things really have gotten bad. there are white reporters there at the start of the film, (like one played by joaquin phoenix, who has very limited screentime here), and they start out wanting to make a difference, reporting on the nonsensical violence. pretty soon these reporters realize that it is far too dangerous for them to go out to the areas where the story is really happening, and they leave before the conflict reaches them.
aside from the reporters, there are some other white people here, trying to help resolve the conflict. there is a woman from the red cross who is primarily concerned with getting the children to safetey, and then there is the u.n. forces, represented mostly by nick nolte, who there as, “peace keepers, not peace makers.” in other words, he’s not there to change anything, but only to aid in keeping things the way they are. when things get too out of hand, even he and his men must leave before the conflict reaches them.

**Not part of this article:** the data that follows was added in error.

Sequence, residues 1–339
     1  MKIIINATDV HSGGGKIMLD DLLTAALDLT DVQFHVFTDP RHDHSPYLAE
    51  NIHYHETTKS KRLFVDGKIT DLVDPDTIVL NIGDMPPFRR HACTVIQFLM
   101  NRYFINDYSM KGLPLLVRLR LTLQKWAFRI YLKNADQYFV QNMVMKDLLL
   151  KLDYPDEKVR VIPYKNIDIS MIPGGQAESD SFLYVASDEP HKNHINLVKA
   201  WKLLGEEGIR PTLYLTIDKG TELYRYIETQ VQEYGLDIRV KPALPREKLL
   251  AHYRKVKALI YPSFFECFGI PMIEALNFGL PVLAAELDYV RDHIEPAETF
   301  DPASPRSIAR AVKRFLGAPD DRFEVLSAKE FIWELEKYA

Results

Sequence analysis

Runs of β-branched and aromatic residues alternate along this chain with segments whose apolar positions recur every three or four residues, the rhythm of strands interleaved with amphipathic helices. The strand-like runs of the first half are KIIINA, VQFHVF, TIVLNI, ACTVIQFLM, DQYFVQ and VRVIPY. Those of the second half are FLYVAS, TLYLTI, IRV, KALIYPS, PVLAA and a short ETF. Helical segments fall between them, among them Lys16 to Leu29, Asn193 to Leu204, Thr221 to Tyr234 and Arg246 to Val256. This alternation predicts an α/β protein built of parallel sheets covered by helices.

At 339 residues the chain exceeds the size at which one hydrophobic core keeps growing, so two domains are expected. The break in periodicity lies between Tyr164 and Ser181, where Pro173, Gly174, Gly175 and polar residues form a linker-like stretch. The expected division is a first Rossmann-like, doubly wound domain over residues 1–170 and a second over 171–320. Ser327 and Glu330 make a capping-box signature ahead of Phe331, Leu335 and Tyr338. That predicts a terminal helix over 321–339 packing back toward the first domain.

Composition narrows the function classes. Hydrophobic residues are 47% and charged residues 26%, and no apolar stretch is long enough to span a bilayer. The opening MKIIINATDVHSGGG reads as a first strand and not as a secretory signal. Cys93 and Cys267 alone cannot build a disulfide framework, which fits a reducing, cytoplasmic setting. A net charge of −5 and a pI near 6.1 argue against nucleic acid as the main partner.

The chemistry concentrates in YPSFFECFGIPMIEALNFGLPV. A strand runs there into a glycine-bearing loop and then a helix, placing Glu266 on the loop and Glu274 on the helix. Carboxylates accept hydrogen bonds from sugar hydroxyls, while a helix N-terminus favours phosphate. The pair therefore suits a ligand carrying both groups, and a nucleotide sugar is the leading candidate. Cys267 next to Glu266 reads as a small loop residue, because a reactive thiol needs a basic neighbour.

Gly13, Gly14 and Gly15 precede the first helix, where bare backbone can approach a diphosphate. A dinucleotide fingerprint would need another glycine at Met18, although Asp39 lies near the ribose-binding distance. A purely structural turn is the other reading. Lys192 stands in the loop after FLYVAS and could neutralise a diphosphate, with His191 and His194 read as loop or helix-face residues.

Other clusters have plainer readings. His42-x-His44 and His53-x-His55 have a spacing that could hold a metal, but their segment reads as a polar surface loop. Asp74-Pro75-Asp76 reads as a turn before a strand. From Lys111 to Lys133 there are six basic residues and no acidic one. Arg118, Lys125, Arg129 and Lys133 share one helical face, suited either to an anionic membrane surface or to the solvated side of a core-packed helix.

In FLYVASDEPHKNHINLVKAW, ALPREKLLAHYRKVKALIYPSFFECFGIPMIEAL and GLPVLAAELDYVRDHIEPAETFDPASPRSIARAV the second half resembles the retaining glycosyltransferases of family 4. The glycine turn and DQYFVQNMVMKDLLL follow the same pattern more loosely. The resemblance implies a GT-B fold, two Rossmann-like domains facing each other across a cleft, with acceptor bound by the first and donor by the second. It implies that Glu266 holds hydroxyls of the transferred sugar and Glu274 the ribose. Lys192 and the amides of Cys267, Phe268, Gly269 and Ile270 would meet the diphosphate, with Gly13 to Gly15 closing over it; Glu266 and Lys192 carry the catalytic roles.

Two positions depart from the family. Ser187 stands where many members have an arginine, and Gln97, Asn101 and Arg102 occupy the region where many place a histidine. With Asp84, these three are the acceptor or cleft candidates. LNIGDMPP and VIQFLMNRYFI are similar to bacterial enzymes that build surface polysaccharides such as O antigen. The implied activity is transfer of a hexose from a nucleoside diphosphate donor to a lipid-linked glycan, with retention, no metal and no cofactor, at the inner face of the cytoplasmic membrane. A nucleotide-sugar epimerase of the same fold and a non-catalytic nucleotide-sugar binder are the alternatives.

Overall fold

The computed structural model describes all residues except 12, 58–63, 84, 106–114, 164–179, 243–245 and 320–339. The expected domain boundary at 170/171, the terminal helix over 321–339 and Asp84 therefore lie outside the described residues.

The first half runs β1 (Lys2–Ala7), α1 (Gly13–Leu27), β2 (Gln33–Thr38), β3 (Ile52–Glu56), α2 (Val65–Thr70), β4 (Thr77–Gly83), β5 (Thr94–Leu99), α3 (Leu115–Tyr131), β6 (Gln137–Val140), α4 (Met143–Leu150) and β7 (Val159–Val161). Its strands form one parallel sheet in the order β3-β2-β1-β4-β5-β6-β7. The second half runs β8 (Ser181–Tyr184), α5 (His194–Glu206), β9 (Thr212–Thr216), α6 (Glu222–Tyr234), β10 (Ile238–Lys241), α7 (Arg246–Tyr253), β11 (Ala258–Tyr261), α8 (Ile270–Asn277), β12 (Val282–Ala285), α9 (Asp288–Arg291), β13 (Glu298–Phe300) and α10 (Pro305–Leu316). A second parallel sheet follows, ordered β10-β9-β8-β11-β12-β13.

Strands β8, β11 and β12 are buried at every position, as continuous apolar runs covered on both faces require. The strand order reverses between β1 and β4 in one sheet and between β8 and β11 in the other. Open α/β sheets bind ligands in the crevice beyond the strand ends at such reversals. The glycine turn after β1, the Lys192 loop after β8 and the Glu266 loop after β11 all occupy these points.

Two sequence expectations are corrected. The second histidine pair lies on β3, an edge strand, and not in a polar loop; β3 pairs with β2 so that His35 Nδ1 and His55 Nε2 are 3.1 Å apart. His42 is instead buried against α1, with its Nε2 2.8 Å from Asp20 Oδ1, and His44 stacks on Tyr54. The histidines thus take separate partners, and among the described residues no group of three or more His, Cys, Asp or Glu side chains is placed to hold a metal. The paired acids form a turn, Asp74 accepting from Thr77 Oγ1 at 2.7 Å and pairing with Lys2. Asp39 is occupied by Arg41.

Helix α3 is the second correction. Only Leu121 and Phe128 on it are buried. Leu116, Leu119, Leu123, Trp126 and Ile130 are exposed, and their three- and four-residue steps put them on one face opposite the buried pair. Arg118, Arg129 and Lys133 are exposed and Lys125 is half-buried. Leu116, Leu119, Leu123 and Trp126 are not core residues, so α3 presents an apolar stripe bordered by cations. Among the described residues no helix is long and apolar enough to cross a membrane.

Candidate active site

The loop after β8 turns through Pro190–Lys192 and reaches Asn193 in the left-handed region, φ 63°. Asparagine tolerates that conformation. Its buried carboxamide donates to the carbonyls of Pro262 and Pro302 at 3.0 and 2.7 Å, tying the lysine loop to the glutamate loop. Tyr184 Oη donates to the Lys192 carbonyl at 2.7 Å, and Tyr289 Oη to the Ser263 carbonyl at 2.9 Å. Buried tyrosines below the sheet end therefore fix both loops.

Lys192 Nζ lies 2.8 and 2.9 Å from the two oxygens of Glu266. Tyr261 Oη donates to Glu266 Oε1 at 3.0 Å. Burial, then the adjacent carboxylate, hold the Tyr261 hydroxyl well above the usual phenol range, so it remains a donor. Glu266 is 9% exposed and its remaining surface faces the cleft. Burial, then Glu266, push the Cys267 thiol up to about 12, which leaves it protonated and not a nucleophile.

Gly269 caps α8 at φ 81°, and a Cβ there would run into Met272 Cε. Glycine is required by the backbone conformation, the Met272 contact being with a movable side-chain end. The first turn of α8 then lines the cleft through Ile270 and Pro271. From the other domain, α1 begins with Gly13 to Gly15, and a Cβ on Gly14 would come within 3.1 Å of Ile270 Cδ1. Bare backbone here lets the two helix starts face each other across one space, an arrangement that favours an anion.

while all of this is going on, paul and his family take refuge at the hotel. he hopes that this place will be considered off limits to the hutu army, but unfortunately he finds no such luck. while he is trying to keep a low profile in the hotel, paul finds himself being blackmailed by an employee who knows that paul’s wife and family are tutsi. this man demands to be put up in the presidential suite, claiming that he will tell the armed men of paul’s secret if not given exactly what he desires.
even with giving this man what he asks for, the conflict still reaches the hotel doorstep pretty quickly. paul finds himself having to go into the hotel safe and pay off the military just to turn their backs on his family and let them keep their lives. they go away after being paid off, but it seems like only a temporary solution to a problem that is only getting worse each day.